A little over one year ago, the #metoo movement against sexual abuse began spreading on American social media.
Now, India is having a #metoo movement of its own.
Growing numbers of women are accusing powerful men in entertainment and media of sexual wrongdoing. In the past two weeks, a major Bollywood production house has shut down. A popular Indian writer has publicly apologized for past behavior.
And on Wednesday, a government minister resigned after 20 women accused him of sexual harassment. MJ Akbar, who is 67, has worked at the country’s leading newspapers and written several books. He was among the most influential people in Indian news media. His accusers are all female journalists who worked for him in the past.
Akbar has denied any wrongdoing. And, in answer, he has filed charges against the first woman to publicly accuse him. He accuses her of the crime of spreading false and damaging information.
The fast spread of #metoo in India began late last month. That is when Bollywood actor Tanushree Datta took legal action against actor Nana Patekar. Datta said Patekar sexually harassed her while the two were filming a movie. Patekar has denied the accusations.
Days later, a female comedian, Mahima Kukreja, made similar accusations against a member of the comedy group All India Bakchod. She said Utsav Chakraborty sent her unwanted sexual messages. The man apologized on Twitter, saying, “It’s a little too late, but I am sorry.”
Both women's accusations became leading news stories in the country. More and more women in media began telling their own stories to the press and online.
Some people have criticized the movement, saying it only concerns rich, educated people who live in cities.
Indian writer Tavleen Singh published an opinion story this week in The Indian Express. She wrote, “More than a hundred Indian women get raped every day, four out of 10 are children, and 94 percent of the perpetrators are relatives. Will this change, now that a handful of...educated journalists and actresses have come forward...?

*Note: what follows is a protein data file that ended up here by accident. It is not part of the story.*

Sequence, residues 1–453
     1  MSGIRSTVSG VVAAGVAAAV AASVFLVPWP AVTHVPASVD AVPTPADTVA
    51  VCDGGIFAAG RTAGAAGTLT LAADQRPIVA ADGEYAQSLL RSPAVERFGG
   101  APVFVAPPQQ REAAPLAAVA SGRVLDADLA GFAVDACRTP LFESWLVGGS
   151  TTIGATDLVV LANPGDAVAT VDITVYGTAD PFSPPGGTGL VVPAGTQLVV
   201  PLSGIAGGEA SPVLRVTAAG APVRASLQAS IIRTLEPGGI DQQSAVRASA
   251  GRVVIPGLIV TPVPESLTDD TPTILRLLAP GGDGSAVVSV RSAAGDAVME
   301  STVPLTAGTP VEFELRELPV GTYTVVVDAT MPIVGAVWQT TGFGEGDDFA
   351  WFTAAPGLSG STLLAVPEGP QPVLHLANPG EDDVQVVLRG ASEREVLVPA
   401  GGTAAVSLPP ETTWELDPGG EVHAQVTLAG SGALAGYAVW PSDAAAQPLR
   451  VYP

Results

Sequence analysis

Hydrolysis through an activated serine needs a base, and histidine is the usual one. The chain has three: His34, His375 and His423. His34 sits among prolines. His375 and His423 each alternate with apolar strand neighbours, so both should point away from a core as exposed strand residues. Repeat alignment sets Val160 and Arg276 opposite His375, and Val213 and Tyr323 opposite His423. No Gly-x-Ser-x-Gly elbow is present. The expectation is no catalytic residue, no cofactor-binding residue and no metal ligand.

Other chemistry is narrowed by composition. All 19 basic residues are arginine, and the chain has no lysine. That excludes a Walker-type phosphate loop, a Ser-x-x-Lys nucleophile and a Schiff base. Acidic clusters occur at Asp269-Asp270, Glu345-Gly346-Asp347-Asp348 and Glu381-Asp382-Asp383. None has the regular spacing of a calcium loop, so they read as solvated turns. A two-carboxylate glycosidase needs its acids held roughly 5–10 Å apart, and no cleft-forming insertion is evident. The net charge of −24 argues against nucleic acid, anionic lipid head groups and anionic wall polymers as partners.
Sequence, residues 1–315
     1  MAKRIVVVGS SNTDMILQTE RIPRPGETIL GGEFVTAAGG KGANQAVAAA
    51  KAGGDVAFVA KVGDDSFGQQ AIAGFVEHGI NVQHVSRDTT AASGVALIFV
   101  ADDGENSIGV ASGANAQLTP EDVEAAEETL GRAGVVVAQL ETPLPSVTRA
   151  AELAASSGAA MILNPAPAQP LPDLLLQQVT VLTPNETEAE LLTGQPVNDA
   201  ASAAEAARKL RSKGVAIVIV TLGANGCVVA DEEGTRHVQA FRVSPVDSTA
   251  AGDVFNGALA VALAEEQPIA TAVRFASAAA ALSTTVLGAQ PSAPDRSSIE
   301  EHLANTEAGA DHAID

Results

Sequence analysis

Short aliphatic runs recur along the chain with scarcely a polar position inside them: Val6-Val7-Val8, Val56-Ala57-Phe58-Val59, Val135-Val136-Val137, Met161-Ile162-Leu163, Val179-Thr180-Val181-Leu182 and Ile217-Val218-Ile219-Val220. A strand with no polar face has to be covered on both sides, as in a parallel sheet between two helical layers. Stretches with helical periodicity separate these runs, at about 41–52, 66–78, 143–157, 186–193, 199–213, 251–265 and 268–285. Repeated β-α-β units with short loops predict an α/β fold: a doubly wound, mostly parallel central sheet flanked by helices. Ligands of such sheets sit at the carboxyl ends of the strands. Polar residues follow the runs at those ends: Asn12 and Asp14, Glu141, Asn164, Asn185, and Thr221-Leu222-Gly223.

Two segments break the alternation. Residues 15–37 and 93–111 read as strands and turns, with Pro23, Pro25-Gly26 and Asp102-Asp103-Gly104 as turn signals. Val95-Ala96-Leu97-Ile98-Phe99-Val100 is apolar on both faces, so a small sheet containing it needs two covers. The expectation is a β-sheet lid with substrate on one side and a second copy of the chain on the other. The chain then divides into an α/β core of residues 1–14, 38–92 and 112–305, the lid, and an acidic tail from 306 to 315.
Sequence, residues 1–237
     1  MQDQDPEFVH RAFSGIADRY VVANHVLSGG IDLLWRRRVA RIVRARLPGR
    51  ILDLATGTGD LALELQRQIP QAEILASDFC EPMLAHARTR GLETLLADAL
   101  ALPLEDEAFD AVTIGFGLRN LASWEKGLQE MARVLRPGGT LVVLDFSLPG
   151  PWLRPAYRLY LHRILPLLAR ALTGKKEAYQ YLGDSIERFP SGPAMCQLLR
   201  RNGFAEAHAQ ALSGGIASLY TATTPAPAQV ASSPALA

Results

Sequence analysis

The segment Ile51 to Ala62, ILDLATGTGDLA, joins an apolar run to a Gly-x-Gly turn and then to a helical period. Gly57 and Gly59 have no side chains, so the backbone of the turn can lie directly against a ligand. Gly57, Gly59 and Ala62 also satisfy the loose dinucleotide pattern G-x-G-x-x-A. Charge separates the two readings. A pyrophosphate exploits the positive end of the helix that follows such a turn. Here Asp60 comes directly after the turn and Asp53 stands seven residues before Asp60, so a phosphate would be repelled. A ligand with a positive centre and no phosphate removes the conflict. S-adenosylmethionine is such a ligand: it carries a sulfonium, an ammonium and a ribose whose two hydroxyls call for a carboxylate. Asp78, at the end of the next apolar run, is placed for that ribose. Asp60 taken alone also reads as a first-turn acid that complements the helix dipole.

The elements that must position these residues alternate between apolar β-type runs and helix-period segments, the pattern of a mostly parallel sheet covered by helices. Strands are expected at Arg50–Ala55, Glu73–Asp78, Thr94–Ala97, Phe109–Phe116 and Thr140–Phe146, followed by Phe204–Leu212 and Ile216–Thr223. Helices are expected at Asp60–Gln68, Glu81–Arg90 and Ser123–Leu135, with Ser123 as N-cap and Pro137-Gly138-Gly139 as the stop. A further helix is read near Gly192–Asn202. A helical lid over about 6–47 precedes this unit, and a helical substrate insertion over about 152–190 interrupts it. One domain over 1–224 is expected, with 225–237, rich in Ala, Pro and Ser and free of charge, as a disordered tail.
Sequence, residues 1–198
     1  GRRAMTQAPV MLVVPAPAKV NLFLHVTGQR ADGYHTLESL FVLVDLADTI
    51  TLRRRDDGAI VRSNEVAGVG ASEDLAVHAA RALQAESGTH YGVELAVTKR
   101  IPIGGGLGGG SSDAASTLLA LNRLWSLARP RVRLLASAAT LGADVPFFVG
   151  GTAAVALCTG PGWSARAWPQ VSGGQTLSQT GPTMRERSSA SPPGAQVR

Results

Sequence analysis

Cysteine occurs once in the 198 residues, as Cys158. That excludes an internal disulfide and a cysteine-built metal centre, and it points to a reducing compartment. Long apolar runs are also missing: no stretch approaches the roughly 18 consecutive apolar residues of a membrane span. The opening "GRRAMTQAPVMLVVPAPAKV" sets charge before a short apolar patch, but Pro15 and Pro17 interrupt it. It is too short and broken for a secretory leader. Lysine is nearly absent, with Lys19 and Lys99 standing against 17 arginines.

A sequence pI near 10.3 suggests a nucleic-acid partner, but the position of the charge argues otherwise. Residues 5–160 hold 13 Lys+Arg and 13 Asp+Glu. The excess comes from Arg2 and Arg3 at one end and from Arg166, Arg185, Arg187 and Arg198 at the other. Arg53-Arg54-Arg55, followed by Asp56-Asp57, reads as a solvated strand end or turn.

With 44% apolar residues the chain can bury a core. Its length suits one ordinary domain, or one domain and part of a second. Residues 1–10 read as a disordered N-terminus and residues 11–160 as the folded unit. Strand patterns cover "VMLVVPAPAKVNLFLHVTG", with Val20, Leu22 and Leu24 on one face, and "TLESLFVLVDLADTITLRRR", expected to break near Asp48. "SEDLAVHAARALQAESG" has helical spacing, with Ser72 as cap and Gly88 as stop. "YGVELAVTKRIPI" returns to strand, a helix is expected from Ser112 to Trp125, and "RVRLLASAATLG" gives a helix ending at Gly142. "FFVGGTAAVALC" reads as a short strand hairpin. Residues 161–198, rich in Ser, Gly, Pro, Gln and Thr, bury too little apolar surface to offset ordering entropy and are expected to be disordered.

"No, it will not,” she stated.
Yet, the movement appears to be spreading.
MeToo Rising is a project by the search engine Google. It presents a visual representation of #metoo searches around the world. The more that people in an area search for “me too” issues, the brighter that area shines.
The map lets users see search trends for #metoo beginning in October of 2017. That is when the movement first took off on social media.
For example, on October 16 of 2017, much of United States and parts of Europe were shining brightly. India appears mostly dark, except for a few areas near major cities.
But in recent days, all of India has been shining brighter than any other place on Earth -- by a lot.
On Friday, the project showed four of the five top-searching cities were in India.
Some women in India have said they chose to speak out after hearing the testimony of Christine Blasey Ford. The American professor in September publicly accused a nominee for the U.S. Supreme Court of sexually attacking her over 30 years ago. That nominee, Brett Kavanaugh, was confirmed earlier this month as a Supreme Court justice.
Rituparna Chatterjee is a journalist in India. She said that women around the world have been holding powerful men accountable for sexual wrongdoing. Now, she said, Indian women are ready to do the same.
Chatterjee told VOA, “The floodgates to women’s anger have been opened.”
I'm Caty Weaver.
And I'm Ashley Thompson.
Ashley Thompson adapted this story based on reporting by VOA's Anjana Pasricha, the Associated Press and additional materials. Caty Weaver was the editor.
Words in This Story
harassment - n. making repeated unwanted attacks against someone
journalist - n. a person with the job of collecting, writing, and editing news stories for newspapers, magazines, television, or radio
comedian - n. a person who performs in front of an audience and makes people laugh by telling jokes or funny stories or by acting in a way that is funny
perpetrator - n. someone who does something illegal or wrong
testimony - n. something that someone says especially in a court of law while formally promising to tell the truth